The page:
In recent years, AI has revolutionised almost every industry and business function – and now it’s coming for talent acquisition.
Uptake of AI tools that can augment existing talent activities and enable new ones is already gathering momentum. According to Gartner, 17% of organisations were using AI for HR in 2019, and by 2022, it’s predicted that another 30% will follow their lead.
But as we’ve written about elsewhere, talent teams should be wary of using AI without a clear sense of what outcomes they want to drive, and exactly how they are delivered by different tools and solutions. AI is a complex and evolving technology, so it’s not always a given that it will generate positive returns.
As talent leaders evaluate AI solutions, it’s important to interrogate how they link back to critical business outcomes. A good way to explore the question is to categorize AI’s areas of impact into the following: recruiter experience, candidate experience and employee experience.
The pandemic made an already-challenging talent landscape even tougher for recruiters. Not only are some skills in short supply, there is also a shift in workers’ priorities which favors flexibility over benefits, pay and culture. Recruiters are looking for tools and practices to help them add clarity to their communication with both internal and external candidates. They need to cut their costs, and improve their ability to make accurate, data-driven decisions.
AI can help recruiters become more productive and efficient, partly by enabling them to reach high volumes of candidates without sacrificing quality, and partly by helping them narrow the field of available options more accurately.
AI-driven talent tools can automate data collection and parsing, easily creating large, rich and compliant talent pipelines. Because the quality of data is better, so too is the predictability of hiring results: strong candidates can be sourced at scale, reducing time-to-hire.
Critically, these historically manual processes can be replicated automatically, with custom rules built to prioritise high-value tasks and roles. It means talent teams can put their limited human resources to better use, improving their own performance and creating positive business impacts in a much shorter time.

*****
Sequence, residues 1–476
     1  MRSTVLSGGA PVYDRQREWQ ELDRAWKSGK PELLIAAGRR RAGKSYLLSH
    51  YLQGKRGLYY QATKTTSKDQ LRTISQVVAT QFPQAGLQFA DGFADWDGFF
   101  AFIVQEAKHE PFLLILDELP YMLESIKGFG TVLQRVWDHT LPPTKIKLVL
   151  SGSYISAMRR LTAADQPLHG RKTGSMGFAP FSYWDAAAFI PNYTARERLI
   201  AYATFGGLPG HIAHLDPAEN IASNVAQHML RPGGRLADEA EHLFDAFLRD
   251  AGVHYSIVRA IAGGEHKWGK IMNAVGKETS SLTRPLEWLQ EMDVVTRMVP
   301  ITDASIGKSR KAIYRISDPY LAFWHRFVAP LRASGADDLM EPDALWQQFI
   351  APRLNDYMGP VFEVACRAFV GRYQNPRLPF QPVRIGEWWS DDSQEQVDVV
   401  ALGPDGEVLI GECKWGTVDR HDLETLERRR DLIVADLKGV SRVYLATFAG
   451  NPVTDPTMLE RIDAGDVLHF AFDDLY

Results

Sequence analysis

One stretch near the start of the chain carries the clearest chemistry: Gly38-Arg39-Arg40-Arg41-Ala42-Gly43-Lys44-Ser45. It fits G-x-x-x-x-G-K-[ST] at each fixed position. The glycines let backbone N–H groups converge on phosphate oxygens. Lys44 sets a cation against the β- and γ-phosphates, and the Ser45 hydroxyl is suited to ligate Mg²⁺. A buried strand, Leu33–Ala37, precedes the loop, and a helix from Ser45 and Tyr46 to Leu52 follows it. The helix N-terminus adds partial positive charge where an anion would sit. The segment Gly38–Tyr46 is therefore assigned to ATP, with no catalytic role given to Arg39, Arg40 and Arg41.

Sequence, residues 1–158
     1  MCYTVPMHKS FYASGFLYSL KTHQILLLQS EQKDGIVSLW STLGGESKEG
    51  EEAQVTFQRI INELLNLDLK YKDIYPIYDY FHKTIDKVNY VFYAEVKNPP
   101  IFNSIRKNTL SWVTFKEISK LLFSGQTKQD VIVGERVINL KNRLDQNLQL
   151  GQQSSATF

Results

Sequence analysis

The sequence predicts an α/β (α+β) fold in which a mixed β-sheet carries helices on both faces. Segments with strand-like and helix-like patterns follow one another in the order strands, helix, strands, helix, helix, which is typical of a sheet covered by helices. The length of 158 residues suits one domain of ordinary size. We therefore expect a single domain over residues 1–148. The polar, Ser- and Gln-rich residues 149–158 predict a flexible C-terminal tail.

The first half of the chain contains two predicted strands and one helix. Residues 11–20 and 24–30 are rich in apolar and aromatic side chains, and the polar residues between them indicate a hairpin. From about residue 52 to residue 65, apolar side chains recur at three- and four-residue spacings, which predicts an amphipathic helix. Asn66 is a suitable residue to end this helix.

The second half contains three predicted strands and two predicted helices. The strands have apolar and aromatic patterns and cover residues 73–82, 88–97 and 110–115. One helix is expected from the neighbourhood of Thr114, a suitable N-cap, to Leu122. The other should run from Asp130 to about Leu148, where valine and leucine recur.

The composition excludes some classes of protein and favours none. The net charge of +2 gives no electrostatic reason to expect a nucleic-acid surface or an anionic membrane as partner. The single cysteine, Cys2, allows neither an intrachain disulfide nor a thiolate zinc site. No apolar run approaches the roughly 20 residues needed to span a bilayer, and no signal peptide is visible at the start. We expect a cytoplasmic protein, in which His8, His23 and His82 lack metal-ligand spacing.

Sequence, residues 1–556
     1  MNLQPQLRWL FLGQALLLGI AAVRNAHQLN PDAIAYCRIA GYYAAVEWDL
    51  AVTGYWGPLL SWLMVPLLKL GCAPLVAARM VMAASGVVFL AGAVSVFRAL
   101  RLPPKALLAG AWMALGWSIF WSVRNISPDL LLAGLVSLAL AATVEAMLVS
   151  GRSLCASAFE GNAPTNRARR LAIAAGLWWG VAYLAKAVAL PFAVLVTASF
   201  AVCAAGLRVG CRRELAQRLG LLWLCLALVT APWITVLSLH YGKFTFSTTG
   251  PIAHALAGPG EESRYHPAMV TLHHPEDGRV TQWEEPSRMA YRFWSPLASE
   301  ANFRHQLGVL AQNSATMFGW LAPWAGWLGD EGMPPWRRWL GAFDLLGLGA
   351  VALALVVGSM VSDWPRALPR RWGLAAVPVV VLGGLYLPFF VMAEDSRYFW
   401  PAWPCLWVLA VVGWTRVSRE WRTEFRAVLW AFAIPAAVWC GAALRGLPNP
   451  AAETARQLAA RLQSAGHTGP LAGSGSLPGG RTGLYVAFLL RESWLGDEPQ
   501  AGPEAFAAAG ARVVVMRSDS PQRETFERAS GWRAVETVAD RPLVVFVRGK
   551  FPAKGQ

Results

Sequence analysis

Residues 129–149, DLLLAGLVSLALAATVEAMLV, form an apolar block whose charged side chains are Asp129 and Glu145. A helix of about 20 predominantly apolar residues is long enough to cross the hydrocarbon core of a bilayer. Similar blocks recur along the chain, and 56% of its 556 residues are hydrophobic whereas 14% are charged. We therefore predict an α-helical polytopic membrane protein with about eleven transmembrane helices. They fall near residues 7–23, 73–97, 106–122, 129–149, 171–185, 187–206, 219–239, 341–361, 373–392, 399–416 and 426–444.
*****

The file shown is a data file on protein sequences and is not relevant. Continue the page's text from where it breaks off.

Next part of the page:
Delivering an excellent candidate experience – both for those who win positions, and those who don’t – is critical to maintain a good employer brand, and attract talent in a competitive marketplace. But recruitment has historically had a bad rep, thanks to patchy processes characterised by long waits, poor communication, and aggressive questioning from ill-prepared interviewers.
In today’s market, that approach won’t cut it. Instead, candidates need to be at the centre of the talent experience from day one. They need to feel desired and empowered; that companies are trying to earn their attention, and not vice-versa.
Delivering a personalized candidate experience at scale becomes much easier with AI. Intelligent sourcing tools can suggest candidates from outside recruiters’ usual talent pools, identifying relevant skillsets in people with roles or backgrounds recruiters might not think to consider. That helps generate a wider, more diverse talent pool that AI can automatically match up to open roles, speeding up an often slow process.
The candidate experience on career sites or during automated interactions (such as with chatbots or email campaigns) can also be personalized, increasing engagement and conversion rates. AI systems learn more about candidates as they browse, and can serve up customised content and targeted recommendations for job roles or content consumption with every new visit.
According to the Beamery Talent Index of 2020, only 46% of HR leaders say their organization lacks the skills to drive future performance, and yet 57% of employees say it’s easier to find new jobs in different organizations than to progress internally. Something doesn’t add up.
Top talent is difficult to attract, and businesses need to work hard to retain valuable employees once they have them, or risk churn. But existing employees are usually an afterthought when looking for skills to fill open roles – even though they’re already a proven culture fit, and take far less time to hire, onboard and create impact. To ensure they have the right people in place to meet the future needs of the business, talent teams need to show employees a clear path to progression.
AI enables talent teams to identify potential internal mobility paths for employees. It can infer skills from roles and job titles, suggesting tailored growth paths for employees that improve retention. AI can also spot the valuable skills that already exist in-house, and that HR could invest in developing. Optimizing available skills within the existing workforce means businesses can execute on plans faster.
As the HR technology space matures, more AI-led solutions are coming to market which enhance recruiter experience, candidate experience and talent mobility. They offer more efficient, more intelligent ways to bring new talent into businesses and improve career pathing for those already in the ranks. For talent teams, AI is becoming an invaluable asset, helping them deliver on their ever-increasing talent acquisition and management remit at scale. People are any business’ biggest asset: with AI, talent teams can optimise those assets to drive real results.